Very little has been consistent for the Providence Bruins this season. The team currently ranks near the bottom of the AHL Atlantic division with a 10-11-1-1 record, due in part to a slow schedule, call-ups to Boston and a large number of first year players. While their performance has been far from stellar, there have been bright spots for the baby B’s. Rookie Tyler Redenbach has consistently put points on the board, and is quickly establishing his place in professional hockey.
The 6’0 195 lb Saskatchewan native is the younger of two brothers, and has been playing hockey since he was four years old. This season in Providence marks not only his first year as a professional hockey player, but also the first time he’s lived on his own. Now, over 2000 miles from his home, Redenbach has adjusted well to life on and off the ice.
“I like the city and living away from home,” he admitted, but added, “Now there’s no one to cook and do my stuff for me, and it’s a little different living on your own, but the city’s nice and everyone on the team is great, so it’s made the transition a little easier.”
Like many young players, the 21-year-old center didn’t know exactly where he was headed. He was originally picked in the third round (77th overall) of the 2003 NHL Entry Draft by the Phoenix, but after two years in the system, the Coyotes failed to sign him.
“I became a free agent after the lockout ended, when they had that week period to sign the players,” Redenbach explained. “[Boston] just contacted my agent and said they were interested, offered me a contract and I came to camp.”
Redenbach joined the Bruins camp after completing a strong junior career in the WHL, beginning in 2001 with the Prince George Cougars. He quickly became one of the league’s most productive centers, posting 68 points (17 goals, 51 assists) in 60 games when he split the 2002-03 season between the Cougars and the Swift Current Broncos. Redenbach earned accolades for what would be his finest season with Swift Current during 2003-04, when the young centerman led the WHL with 105 points (31 goals, 74 assists) in 71 games. While he wouldn’t recapture that success in his final season, Redenbach still found ways to put points on the board. He would split the 2004-05 season between Swift Current and the Lethbridge Hurricanes, for a combined 63 points (19 goals, 44 assists) in 65 games.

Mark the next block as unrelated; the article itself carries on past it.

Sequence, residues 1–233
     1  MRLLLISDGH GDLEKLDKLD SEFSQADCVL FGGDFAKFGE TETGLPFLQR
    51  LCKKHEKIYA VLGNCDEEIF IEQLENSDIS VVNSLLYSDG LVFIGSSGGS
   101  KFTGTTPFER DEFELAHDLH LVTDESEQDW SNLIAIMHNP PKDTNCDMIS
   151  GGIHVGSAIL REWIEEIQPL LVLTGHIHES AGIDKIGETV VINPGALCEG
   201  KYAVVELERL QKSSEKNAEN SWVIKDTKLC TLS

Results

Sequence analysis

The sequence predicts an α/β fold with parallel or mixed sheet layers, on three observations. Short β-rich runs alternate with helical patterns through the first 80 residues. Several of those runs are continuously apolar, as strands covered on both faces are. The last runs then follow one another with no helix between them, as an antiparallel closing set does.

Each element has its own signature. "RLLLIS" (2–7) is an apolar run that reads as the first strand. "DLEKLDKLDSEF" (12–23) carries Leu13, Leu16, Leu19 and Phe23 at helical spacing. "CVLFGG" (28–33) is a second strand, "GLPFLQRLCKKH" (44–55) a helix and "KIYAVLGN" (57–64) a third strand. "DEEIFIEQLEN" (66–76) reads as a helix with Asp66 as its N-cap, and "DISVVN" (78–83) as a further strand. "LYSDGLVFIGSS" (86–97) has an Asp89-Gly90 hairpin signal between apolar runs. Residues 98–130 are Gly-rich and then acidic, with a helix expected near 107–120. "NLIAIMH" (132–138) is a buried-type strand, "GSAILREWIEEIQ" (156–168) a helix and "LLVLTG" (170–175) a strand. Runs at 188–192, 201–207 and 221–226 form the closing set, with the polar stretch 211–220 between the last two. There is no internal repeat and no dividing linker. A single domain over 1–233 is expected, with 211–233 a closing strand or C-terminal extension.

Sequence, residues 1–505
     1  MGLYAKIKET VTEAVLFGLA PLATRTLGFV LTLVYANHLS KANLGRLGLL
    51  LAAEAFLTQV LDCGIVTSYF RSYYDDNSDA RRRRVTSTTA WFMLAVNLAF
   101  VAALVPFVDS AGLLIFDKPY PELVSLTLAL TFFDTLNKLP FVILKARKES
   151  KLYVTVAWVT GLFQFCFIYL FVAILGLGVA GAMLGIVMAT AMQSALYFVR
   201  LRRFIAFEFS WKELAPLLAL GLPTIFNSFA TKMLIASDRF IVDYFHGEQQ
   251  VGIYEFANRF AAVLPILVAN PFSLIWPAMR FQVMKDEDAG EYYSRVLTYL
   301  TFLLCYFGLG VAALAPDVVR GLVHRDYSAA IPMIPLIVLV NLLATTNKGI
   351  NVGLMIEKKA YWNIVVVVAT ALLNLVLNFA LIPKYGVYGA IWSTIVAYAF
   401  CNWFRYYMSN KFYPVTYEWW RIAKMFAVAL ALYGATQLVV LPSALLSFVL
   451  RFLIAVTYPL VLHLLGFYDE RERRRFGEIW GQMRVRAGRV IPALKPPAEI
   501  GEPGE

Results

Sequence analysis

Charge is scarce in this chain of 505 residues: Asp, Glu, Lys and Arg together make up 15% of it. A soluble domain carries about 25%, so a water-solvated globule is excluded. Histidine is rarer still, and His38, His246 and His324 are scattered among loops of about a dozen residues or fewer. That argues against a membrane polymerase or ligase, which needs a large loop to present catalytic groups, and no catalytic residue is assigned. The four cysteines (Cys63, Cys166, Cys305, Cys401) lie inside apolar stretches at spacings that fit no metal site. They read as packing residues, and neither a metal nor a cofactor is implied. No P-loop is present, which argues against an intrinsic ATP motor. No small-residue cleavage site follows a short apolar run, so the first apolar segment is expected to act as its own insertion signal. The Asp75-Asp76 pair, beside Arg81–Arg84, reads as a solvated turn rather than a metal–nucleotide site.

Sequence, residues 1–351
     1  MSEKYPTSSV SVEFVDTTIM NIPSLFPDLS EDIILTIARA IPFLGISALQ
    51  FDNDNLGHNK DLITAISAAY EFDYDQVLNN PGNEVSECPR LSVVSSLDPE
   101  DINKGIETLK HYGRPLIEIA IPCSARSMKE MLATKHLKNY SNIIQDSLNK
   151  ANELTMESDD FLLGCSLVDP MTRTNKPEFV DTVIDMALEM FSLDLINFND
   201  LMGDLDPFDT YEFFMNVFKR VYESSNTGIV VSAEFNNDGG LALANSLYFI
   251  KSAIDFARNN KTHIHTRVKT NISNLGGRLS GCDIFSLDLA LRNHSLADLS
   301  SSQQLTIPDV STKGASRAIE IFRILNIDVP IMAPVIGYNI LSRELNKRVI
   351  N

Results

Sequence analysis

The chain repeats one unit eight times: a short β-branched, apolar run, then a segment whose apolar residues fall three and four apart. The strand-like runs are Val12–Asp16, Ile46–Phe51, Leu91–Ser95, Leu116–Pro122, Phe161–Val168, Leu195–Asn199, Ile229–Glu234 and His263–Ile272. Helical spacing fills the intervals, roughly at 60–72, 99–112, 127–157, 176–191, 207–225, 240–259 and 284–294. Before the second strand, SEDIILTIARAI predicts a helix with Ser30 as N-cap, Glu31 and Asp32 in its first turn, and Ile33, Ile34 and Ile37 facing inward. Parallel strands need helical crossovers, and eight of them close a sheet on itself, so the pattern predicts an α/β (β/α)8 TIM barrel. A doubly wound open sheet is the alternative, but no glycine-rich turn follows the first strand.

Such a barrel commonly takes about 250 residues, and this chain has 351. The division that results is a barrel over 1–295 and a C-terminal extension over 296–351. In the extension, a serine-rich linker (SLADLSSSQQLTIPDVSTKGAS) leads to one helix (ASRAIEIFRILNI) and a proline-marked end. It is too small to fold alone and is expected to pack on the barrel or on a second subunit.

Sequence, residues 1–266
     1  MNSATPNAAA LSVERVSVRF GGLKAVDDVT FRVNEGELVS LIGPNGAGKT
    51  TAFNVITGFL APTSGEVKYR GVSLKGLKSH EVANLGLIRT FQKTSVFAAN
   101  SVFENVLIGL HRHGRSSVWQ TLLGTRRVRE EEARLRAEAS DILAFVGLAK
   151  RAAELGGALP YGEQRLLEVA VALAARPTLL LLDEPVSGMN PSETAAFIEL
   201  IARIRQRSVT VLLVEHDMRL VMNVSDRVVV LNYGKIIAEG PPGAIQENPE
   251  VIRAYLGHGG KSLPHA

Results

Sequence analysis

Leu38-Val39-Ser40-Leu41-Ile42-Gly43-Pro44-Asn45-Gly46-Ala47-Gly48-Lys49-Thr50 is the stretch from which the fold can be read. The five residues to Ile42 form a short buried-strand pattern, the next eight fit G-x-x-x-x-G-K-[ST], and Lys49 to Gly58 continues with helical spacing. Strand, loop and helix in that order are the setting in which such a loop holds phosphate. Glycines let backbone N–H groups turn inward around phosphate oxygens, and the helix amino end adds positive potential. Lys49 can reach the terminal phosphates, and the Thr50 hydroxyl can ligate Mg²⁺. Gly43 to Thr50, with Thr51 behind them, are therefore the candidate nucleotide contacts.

Redenbach turned heads early on in the Bruins camp, and has quickly adjusted to the pro game. His strengths are in his offensive playmaking, as he will seek out the puck and try to create scoring opportunities. Whether he’s passing to a teammate or putting the puck in the net, Redenbach’s got an accurate shot, and he seems to have a talent for being in the right place at the right time.
“I enjoy the professional atmosphere. In juniors it’s fun for a while, but you want to go on to the next level, just to get a chance to play at a higher level, to be a professional hockey player.”
Redenbach currently ranks seventh among AHL rookies and he’s second on the Bruins with a total of 22 points (9 goals, 13 assists) in 23 games and a +11 rating. Like any other rookie, he will need to fine tune his overall game. While he isn’t flashy, he is one of the more dependable parts of the Providence offense so far this season. Certainly the rigorous 72-game schedule played in the WHL helped to ease the transition to the AHL’s schedule, and Redenbach has also had the benefit of playing on a line with veterans Eric Nickulas and Eric Healey in a number of games. Right now, Redenbach has a promising future, and just how far he goes will depend on his own motivation and hard work.
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